In his opening remarks at the National Defense Industry Association (NDIA) 30th Annual National Logistics Forum, retired Air Force Gen. Duncan McNabb, chairman of NDIA's Logistics Management Division, quoted Alexander the Great. "My logisticians are a humorless lot ... they know if my campaign fails, they are the first ones I will slay."
These days, those involved in military logistics seem to have graduated from humorless to sullen and downright dour. What's soured their mood, of course, is the continuing budget squeeze at the Department of Defense (DOD). Commonly known as the "sequester," it isn't going away.
Frank Kendall, the undersecretary of defense for acquisition, technology, and logistics, and the number three guy in the Pentagon, put it this way: "Last year was a nightmare year." He described 2013 as "the worst budget environment I've ever seen."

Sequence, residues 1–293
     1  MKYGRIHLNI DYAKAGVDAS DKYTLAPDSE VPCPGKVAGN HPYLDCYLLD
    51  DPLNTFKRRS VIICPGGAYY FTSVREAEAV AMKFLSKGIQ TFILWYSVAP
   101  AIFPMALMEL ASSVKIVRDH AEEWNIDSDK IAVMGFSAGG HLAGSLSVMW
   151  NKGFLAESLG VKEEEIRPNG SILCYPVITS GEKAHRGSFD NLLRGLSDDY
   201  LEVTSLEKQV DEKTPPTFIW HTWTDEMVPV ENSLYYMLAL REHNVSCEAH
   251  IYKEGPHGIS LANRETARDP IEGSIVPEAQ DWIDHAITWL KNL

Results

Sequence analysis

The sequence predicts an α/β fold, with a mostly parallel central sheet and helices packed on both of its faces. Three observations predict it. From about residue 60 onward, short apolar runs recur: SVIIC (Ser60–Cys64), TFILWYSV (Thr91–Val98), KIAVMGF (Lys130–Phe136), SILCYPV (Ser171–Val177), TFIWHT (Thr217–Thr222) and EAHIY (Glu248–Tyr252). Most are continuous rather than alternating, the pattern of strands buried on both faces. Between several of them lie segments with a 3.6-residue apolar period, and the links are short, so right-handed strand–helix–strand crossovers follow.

Within that context, Marine Corps Lt. Gen. Bob Ruark, the director of logistics for the Joint Chiefs of Staff, outlined a vision that emphasizes continued collaboration with private industry as the only path to success for DOD. "We need to understand the industrial base," he said. "Partnership is vital." But developing partnerships with the private sector is easier said than done, and that's an issue DOD must address, Ruark said.
Nobody expressed optimism about the funding situation's near-term prospects. Referring to the sequester, Kendall said, "It's a 10-year law, and it doesn't go away unless Congress does something to make it go away."
Speaking about the military's massive budget cuts at last year's NDIA event, Alan Estevez, now the principal deputy undersecretary of defense for acquisition, technology, and logistics, said, "We're on a slow ramp to hell."
It seems Estevez was right.
Editor's note: For more of Steve Geary's thoughts on the impact of budget constraints on defense logistics, read "Start thinking: Insights from NDIA's 30th Annual Logistics Forum."